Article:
今日推荐英文原文：《3 Tips to Become a Better Code Reader》
推荐理由：在团队中统一使用同一套命名规范是相当有必要的。这个项目介绍了命名时需要考虑的数个要点，比如使用 get 这样的统一前缀表示同一种行为，不与上下文中现存的名称重复防止混淆搜索结果等等，根据这些统一一套命名规范能够节省团队中所有人在读懂其他人代码上花费的时间。
今日推荐英文原文：《3 Tips to Become a Better Code Reader》作者：Živković Miloš
3 Tips to Become a Better Code Reader
Reading code is just as important as writing it. Here’s how to be a better readerWe’ve all been there: The wrong logic caused a critical bug. You could have prevented it during code review.
Experienced developers know that reading code holds great value. It can reduce how much code you need to write and thus deliver reusable code.
With all that in mind, let’s proceed to the tips I’ve compiled for you.
1. Avoid Working With Code You Don’t LikeI’ve heard that reading open source code will improve my reading skills. I was checking out all the possible projects, but after a while, I got bored.
You may be in the same spot. You can’t read all the code out there.
Be mindful of your time. Not every code you read improves your reading skills. I don’t understand assembly, so naturally, it will bore me.
Reading without context is a waste of time. Reading a code base that doesn’t suit you will lead to boredom. After you read the code without context, you will most likely leave a dummy comment.
Angular developers reading about open source calendar lib can improve their skills. Reading about changes in the Spring framework won’t if you don’t like it. Make yourself comfortable in the code base.
2. Always Understand What Is Going OnMy first PR review consisted only of code review — checking for reusable code, whether the naming was correct, overengineering.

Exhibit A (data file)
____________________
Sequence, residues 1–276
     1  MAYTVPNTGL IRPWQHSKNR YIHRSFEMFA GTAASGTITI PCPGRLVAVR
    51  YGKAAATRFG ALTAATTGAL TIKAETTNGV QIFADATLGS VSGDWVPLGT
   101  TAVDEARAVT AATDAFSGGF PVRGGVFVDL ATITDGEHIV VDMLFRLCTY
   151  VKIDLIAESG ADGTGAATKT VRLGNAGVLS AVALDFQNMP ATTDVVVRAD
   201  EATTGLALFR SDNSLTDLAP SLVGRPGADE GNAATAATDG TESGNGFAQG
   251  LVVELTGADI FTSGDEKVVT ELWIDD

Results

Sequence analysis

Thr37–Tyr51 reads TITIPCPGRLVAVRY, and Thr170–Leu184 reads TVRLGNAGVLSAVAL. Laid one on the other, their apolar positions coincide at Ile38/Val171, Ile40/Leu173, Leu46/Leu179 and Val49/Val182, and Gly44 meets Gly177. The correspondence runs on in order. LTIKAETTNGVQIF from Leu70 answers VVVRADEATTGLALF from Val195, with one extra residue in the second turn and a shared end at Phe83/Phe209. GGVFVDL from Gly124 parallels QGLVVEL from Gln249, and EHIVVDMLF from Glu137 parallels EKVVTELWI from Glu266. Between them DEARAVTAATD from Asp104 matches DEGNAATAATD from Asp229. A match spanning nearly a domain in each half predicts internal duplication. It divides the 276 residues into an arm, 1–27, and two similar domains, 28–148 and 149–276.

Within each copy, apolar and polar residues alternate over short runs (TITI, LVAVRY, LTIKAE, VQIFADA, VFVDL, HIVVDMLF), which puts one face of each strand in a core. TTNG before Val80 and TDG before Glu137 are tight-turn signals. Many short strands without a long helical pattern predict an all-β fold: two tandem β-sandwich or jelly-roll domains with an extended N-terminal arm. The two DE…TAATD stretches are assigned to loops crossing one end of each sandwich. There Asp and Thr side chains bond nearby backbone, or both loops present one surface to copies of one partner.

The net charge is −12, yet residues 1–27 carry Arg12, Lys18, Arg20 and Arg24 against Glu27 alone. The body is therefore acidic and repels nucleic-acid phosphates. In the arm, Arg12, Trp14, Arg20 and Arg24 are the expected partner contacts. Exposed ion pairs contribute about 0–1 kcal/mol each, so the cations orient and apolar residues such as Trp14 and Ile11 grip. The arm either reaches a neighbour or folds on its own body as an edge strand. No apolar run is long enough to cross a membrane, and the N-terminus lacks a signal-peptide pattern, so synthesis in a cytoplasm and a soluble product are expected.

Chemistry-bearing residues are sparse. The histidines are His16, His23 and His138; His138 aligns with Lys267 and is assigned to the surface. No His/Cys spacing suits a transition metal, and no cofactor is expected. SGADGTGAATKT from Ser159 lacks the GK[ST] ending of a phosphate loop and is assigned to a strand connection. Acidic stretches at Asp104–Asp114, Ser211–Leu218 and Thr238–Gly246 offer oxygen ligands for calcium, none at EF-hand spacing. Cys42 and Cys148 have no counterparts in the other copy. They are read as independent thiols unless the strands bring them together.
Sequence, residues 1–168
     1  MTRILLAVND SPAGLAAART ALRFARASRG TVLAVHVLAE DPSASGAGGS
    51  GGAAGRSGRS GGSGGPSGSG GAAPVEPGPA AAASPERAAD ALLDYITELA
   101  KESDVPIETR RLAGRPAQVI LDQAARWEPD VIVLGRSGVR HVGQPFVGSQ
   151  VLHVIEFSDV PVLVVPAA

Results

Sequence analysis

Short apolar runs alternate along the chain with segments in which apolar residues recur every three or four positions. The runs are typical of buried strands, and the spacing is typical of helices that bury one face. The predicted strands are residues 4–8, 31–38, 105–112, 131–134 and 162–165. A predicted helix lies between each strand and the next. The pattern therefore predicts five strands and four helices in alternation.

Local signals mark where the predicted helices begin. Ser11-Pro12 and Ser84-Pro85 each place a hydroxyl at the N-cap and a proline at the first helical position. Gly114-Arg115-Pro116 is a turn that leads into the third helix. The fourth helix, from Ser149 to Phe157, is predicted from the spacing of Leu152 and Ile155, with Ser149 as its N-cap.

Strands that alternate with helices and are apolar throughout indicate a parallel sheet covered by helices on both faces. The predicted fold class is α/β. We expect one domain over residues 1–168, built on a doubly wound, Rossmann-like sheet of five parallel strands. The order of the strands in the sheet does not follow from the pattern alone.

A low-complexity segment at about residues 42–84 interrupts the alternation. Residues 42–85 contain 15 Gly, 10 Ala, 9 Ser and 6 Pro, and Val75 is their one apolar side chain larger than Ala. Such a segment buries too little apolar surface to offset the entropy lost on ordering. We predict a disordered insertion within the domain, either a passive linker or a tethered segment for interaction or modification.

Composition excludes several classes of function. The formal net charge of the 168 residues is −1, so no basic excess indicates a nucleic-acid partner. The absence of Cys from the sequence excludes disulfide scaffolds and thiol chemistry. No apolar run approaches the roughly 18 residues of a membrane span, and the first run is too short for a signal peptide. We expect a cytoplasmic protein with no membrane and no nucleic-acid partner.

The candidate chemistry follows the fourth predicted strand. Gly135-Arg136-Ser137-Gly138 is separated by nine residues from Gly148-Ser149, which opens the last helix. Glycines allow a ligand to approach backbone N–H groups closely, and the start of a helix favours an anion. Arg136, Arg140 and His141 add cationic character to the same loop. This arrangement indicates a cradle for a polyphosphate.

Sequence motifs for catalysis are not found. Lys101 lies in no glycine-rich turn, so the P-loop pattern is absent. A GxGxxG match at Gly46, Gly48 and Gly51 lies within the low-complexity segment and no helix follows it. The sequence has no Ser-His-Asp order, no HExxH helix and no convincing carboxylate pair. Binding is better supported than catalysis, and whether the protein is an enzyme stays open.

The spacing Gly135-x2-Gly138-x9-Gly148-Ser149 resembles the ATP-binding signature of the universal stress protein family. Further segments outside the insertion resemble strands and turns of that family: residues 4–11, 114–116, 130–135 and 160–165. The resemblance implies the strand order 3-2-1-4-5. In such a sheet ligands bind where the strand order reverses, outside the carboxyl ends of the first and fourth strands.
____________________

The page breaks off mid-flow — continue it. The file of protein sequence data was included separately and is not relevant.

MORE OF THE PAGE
I was wrong. You should always pay attention to the bigger picture.
Check the story first. What are the requirements, what are the acceptance criteria? Pay attention to what the business thinks and read through ticket comments.
Think through how would you do it. Does the logic in the PR do that? Then proceed. If not, leave a comment.
Don’t get that sinking feeling when doubting code quality. Critique the code crafted — not the developer. Always doubt code and don’t undervalue team members.
Look at these two comment examples and judge which one is better:
- “What did you do with this variable name?! Check Sonar for errors!”
- “This code is unconventional and can lead to a misunderstanding. Please change it to possible name, as that will do the job.”
Comprehend the logic, read the requirements first, and leave humane comments.
3. Spend As Much Time Reading As WritingReading code improves your writing as well. Take your time when reading your own code and extra time when reading other PRs.
“Indeed, the ratio of time spent reading versus writing is well over 10 to 1. We are constantly reading old code as part of the effort to write new code. …[Therefore,] making it easy to read makes it easier to write.” — Robert C. Martin, Clean Code: A Handbook of Agile Software CraftsmanshipDon’t only check the diff of the PR. Take a broader picture. Check the code for common logic in other places that can work here as well.
Get familiar with the context and then check the code. That will bring a new view of the code.
Developers spend most of their time reading code rather than writing.
Bonus: Talk With Your Team MembersTalking can shorten the read time. Have a call with a team member and go through the code together.
This will serve as rubber duck programming where you’ll be the listener, unraveling some new ideas or a better approach to solving the problem.
Thanks for reading!